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Will Twitter Inc (TWTR) Survive 10 More Years? 6 Reasons it Should

twitter inc (NYSE:TWTR)

Twitter Inc (NYSE:TWTR) is celebrating its 10th birthday Monday. The social media titan has been with us for 10 years. When the firm first started, George W. Bush was U.S. President, Alan Greenspan retired from the Federal Reserve and the U.S. population reached the 300 million milestone. It’s been an interesting 10 years to say the least.

Twitter Inc is 10 Years old: Can it survive another 10?

Despite the celebratory atmosphere and blogs reminiscing about “the good old days,” Twitter’s current situation is nothing to be happy about. The website’s financials are struggling, it’s been unable to attract new users and there is just too much unhealthy talk about the company’s demise.

twitter inc (NYSE:TWTR)

And its stock has crashed 60 percent in the last 10 years. The plethora of bad news can have any investor shiver in their boots. With that being said, Twitter will likely be around in another 10 years, and rumors of its death are greatly exaggerated. It’s true that Twitter’s financial picture isn’t as grand as Facebook Inc (NASDAQ:FB), but that shouldn’t be a deterrent.

It’s highly probable that we will celebrate Twitter’s 20th birthday on March 21, 2026. Here are five reasons why:

The Twitter Takeover is Inevitable

Last month, there were reports – there have been such speculation for years now – that private equity group Silver Lake and well-known Silicon Valley investor Marc Andreessen were in talks to take over the company. Andreessen, an active participant in the tech industry, was an early investor in the firm and is in touch with all tech developments and advancements. Whether it’s Andreessen or somebody else, a Twitter takeover is inevitable, and perhaps such a takeover will improve business for the firm. A rejuvenation can do nothing but good for the social network.

Current Events Are Interactive

Current events – award shows, political debates, championship games or news stories – have become interactive. Anyone can talk about it to a large number of people, instead of just the two colleagues standing around the water cooler, or your cat sitting on your computer desk. And you can find any kind of opinion on Twitter: for and against, liberal and conservative. The streams of opinions on anything is limitless.

Brands & Marketers Love Twitter

Brands love Twitter, and so do marketers. Brands are able to engage with their audience like never before. They can offer customer service, provide discounts, answer questions, reward loyalty and find out just what it is they want and desire. Marketers can also target a consumer like never before, even to the minutest of details. Twitter is very valuable in the marketplace.

Twitter Continues to Evolve

Whatever your opinion of CEO Jack Dorsey is, no one can argue that he’s trying to evolve the brand. Over the last 12 months, there have been numerous modifications, updates and features added to the Twitterverse. Everything from its advertising model to the character limit, Twitter is changing things up a bit in an effort to attract new users and invigorate the brand. This evolution will only serve up benefits for the website, and will likely pay dividends by 2026.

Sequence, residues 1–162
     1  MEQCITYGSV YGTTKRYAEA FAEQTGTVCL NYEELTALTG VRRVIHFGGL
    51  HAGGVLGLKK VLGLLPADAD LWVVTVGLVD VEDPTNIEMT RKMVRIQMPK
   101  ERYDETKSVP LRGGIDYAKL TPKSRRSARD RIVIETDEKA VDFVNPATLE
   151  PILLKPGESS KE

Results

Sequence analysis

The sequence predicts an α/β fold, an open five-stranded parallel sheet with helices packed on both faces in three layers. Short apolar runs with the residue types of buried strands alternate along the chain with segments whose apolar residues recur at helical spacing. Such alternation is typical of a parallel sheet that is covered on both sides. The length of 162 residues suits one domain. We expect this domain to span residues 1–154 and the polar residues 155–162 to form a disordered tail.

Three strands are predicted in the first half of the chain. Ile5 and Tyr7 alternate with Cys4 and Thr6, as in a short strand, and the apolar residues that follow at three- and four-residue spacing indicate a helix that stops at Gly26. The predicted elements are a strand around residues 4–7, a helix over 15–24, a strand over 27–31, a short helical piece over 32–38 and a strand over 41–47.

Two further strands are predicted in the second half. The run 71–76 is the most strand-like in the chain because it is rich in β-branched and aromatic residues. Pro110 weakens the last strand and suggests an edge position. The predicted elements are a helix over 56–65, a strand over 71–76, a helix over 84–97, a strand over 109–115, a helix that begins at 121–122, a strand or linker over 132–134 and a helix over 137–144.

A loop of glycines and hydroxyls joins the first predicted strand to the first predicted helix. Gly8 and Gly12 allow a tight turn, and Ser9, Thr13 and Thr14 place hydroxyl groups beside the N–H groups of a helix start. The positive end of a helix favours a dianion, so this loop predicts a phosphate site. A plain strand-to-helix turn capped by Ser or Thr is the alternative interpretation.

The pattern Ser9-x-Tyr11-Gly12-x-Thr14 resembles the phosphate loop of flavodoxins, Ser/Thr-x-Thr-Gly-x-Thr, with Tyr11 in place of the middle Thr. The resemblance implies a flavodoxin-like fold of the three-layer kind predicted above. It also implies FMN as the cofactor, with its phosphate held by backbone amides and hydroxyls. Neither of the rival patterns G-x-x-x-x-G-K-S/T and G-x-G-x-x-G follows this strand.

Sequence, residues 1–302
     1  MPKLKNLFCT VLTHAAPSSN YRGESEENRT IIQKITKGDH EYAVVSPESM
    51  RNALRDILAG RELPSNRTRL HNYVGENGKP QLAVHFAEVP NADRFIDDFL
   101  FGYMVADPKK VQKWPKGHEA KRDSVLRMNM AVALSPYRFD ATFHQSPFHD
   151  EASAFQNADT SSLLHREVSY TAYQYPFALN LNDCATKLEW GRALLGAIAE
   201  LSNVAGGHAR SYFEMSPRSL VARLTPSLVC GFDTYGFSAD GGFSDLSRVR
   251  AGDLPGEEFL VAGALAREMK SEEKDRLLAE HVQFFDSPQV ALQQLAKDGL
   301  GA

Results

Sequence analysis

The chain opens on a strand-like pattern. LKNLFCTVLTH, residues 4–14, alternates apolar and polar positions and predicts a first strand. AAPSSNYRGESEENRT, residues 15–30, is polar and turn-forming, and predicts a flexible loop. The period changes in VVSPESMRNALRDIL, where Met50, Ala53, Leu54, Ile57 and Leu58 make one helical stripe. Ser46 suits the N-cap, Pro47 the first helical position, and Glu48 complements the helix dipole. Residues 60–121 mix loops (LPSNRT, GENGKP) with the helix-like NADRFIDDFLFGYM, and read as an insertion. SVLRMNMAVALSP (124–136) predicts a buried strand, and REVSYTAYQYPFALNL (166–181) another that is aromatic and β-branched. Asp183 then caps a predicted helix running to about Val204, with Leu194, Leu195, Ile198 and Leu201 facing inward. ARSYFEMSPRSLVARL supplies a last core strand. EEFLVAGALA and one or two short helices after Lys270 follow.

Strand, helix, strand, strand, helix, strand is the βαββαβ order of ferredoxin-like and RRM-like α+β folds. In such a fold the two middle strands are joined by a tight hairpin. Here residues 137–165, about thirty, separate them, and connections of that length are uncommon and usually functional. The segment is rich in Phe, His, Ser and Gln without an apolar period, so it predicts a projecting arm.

It’s an Institutionalized Brand

Finally, one of the most challenging facets of entrepreneurship for business is brand awareness. This is something that Twitter certainly doesn’t lack. Everyone knows this company. Political debates use Twitter, movie studios use hashtags and celebrities use tweets to talk to their fans. Twitter, like Facebook, seems to be used by all, but the main point is: it’s known by a vast majority of the Western world.

Twitter Inc is Not MySpace

Last year, when Twitter was celebrating its ninth anniversary, Wired magazine and The Independent ran a piece alluding to the fact that Twitter could eventually enter the tech graveyard like MySpace. Here is what the British website wrote:

“Twitter is not in immediate danger of joining MySpace in the social-media graveyard, but just being mentioned in the same sentence is not a good place to be,” the website said. “Users are abandoning the service, growth has been stagnant and social media pundits wonder if Twitter is heading toward irrelevance.”

Wired went on to say that its “window of opportunity” to garner new users is closing.

But Twitter is not MySpace. The former still has a market cap of around $12 billion, while the latter’s stay on top lasted only a couple of years. When it comes to social media market share in the U.S., it’s tied for the third spot with Reddit, behind Facebook and YouTube. This is pretty good based on just how immense Facebook and YouTube are.

Also, let’s not omit the fact that MySpace never had as much of an audience or market reach like Twitter does today.

Twitter has its own series of problems. But what tech firm doesn’t today? YouTube is losing market share and still not profitable, and Facebook is losing younger users.

The microblogging website has an array of issues to sort out. Is it a long journey? Yes. Can this company overcome the obstacles? Yes. Will we still talk about Twitter in the present tense come March 21, 2026? Yes.

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